MCHUGH: The UN has committed some money to that project?

RUGGIE: Yes, but the UN isn’t allowed to borrow, for example. So we can’t do what is rational, which is that you would-you know, if you’re house needs a new roof and you don’t have the cash in your pocket you take out a second mortgage. Well, the UN can’t do that. So it, we have to have special allocations of funds from the member states in order to make the necessary improvements.

MCHUGH: The United States’ relationship with the United Nations is tenuous at best. What is the status of the US relationship with the United Nations?

RUGGIE: Well, it’s not a bad relationship at all. I think certainly throughout the last four years, throughout Kofi Annan’s tenure, the relationship has been excellent with the, with the administration. Slowly over the course of time it’s become excellent with Capitol Hill. The Secretary General has done something that none of his predecessors ever has done-he’s made routine visits to Capitol Hill to meet the leadership on both sides of the aisle. And he has hosted visits of congressional representatives and senators, various committee members, at the UN itself. I think there’s a far greater understanding than there was five years ago. And a great deal more mutual respect than there was five years ago.

We still have some issues hanging over from the dark age, if you will. Including the fact that even though everyone is in agreement that the US bills should be paid, the check still hasn’t been cut. And it’s a matter of the relevant congressional committee making the necessary appropriations, which they haven’t done yet because they didn’t want to do it outside of the budget cycle. So there’s, there’s some resentment about some of the European member states, for example, who agreed last December to lower the US’s assessment in return for getting the bill paid. Well, the assessment was lowered but the bill still hasn’t been paid. But in due course it will and I hope that, that this will all be put behind everyone and everyone can get on with the necessary job at hand.

MCHUGH: The US was recently voted off the UN’s Human Rights Commission. Is that a setback in the progress?

RUGGIE: I don’t think it was a setback to U.S.-UN relations. I think it was a wake-up call to the U.S. that it cannot take being elected to various bodies for granted. It has to work to get elected. One of the great ironies-it is the second time in the last few years that the U.S. has been voted off a committee-is that members of Congress, some members of Congress then get up and say, “Well, we insist in the future of being on this committee. Otherwise we won’t pay our dues.” Which is very ironic because these are after all democratic elections. And to have the world’s leading democracy say, “We must be members of a committee” to which you actually have to be elected, is interesting to say the least. But I think it was a wake-up call. I think it was understood as such. And I think next time around the U.S. will work a little harder to be elected and I suspect that it will be.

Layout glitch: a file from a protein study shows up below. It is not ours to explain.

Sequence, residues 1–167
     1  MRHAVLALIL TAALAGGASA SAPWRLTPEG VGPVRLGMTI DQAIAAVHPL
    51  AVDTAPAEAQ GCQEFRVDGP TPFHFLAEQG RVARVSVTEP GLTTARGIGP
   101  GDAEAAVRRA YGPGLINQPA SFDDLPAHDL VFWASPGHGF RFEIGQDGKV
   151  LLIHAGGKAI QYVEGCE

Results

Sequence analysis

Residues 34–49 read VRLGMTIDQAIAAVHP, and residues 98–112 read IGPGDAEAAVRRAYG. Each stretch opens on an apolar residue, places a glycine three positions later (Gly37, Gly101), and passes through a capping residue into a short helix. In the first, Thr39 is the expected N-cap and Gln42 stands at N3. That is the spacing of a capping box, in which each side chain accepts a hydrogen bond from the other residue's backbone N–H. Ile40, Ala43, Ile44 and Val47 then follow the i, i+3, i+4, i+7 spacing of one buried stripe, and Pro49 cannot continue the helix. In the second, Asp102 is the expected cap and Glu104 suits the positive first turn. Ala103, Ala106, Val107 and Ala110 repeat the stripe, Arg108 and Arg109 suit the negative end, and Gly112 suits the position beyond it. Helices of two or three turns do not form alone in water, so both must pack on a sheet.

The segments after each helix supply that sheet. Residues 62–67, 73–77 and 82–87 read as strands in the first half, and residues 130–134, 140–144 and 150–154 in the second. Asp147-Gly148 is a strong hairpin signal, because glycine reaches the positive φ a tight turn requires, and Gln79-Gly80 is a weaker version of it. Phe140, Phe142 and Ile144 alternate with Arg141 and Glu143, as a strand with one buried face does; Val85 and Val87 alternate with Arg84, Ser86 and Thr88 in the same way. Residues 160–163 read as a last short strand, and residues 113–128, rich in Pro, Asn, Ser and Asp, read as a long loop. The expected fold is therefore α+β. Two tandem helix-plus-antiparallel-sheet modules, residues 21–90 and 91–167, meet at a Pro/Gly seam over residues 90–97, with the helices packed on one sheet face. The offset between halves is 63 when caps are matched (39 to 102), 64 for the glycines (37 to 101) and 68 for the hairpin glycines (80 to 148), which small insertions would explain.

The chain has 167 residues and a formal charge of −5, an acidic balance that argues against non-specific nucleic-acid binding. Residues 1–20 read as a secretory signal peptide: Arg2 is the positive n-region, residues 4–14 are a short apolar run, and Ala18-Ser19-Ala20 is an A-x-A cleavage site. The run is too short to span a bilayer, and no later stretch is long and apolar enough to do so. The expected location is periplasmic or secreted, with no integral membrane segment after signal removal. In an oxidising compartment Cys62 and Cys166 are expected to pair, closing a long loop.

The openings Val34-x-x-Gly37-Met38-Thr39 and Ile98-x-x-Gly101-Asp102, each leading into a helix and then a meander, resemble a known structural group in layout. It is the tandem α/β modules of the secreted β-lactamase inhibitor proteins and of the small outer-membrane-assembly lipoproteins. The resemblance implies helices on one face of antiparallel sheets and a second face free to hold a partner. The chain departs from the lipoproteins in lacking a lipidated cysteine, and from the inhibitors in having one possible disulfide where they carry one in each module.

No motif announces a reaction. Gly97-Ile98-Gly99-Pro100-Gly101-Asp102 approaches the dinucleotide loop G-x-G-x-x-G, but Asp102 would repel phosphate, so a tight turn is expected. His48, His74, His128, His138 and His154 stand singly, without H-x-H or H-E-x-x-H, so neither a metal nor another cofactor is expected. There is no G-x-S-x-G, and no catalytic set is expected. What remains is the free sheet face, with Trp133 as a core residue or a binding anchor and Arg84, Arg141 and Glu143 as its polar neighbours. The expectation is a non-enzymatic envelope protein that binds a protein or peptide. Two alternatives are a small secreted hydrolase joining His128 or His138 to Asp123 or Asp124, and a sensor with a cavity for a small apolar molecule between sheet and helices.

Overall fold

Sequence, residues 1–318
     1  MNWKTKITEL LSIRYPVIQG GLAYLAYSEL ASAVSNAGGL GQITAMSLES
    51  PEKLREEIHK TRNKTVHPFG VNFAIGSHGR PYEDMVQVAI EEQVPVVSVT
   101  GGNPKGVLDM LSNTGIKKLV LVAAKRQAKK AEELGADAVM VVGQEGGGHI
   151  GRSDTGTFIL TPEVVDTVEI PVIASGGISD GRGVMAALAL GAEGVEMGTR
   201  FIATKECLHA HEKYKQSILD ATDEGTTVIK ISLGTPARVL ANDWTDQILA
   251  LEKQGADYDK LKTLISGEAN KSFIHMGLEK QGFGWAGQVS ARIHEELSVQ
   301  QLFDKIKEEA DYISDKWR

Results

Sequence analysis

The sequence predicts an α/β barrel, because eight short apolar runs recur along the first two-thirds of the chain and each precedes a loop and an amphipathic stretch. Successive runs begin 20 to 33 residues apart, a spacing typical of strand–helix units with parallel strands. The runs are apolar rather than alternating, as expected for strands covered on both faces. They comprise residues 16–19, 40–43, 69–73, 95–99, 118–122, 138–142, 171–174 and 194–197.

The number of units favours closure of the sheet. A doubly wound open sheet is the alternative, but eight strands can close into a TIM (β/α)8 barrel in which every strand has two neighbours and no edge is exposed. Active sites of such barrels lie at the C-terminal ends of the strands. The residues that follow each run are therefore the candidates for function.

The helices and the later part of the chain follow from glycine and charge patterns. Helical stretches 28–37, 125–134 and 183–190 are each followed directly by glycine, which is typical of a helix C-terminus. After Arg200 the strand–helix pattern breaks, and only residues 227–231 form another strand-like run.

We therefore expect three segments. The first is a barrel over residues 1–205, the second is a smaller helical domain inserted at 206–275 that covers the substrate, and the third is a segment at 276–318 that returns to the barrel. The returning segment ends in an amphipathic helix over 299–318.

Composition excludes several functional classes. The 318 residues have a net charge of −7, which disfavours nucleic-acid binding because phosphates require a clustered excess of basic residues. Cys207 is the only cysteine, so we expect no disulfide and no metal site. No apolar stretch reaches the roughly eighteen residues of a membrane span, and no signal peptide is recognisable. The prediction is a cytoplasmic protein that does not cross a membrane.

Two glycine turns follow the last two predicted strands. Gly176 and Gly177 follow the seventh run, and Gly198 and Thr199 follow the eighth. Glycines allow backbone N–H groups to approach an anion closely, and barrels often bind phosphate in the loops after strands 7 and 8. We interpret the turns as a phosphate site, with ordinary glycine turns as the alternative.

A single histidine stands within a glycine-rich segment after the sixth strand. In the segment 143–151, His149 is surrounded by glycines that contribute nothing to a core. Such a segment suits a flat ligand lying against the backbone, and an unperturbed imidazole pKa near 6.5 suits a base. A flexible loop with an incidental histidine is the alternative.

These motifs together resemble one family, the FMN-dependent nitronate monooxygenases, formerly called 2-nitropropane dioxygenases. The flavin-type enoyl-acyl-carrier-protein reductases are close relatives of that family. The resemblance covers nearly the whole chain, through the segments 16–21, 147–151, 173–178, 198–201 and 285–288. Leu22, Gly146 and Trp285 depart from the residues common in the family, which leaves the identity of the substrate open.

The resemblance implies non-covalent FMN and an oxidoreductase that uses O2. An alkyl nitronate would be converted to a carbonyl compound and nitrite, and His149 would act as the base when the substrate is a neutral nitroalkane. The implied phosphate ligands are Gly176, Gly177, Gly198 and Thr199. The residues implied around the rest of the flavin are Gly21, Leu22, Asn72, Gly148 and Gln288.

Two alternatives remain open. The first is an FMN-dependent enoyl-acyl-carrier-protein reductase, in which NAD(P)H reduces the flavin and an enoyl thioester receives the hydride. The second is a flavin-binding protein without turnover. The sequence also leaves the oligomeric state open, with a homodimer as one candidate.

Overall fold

MCHUGH: The American media refers to it as being “voted off.” But in fact it is a democratic election. Can you maybe explain the process to our audience?

RUGGIE: Well, there were-all of these elections allow for so many countries from different regions to be elected. The U.S. is in a group with Western Europe. And there were three openings for that group and there were four candidates. Now, traditionally what the UN would have-what the U.S. would have done in the past is try to persuade one of the other three to withdraw. But France was a shoo-in. And everyone acknowledged that France would get elected. And so that was a nonstarter. Austria had worked diligently for, for a couple of years to be elected to this and was clearly pulling ahead of the U.S. And that left Sweden. And the U.S. doesn’t have a whole lot of leverage over Sweden to begin with. And there was a great deal of resentment among part of the Europeans, among some of the Europeans, over the Bush Administration’s rejection of Kyoto, it’s rejection of the ABM Treaty, and the sort of cavalier way in which the U.S. was, was considered to be treating multilateral institutions. And so countries backed Sweden in the end over the United States.

It is, it was in some ways an unfortunate thing because the U.S. obviously belongs on the Human Rights Commission. It’s one of the world’s-it’s the world’s leading advocate of human rights issues. But at the same time, as I said, it was a wake-up call to the United States, that you can’t take the rest of the world for granted. Nor can you pursue multilateral issues ala carte, only when it pleases you. By definition multilateralism means give and take. And you can’t just expect support when you need it and not support others when they need it. And it’s a quid pro quo. It’s all part of the game and we didn’t play it well.

MCHUGH: Does the U.S. then really have an image problem in the halls of the UN?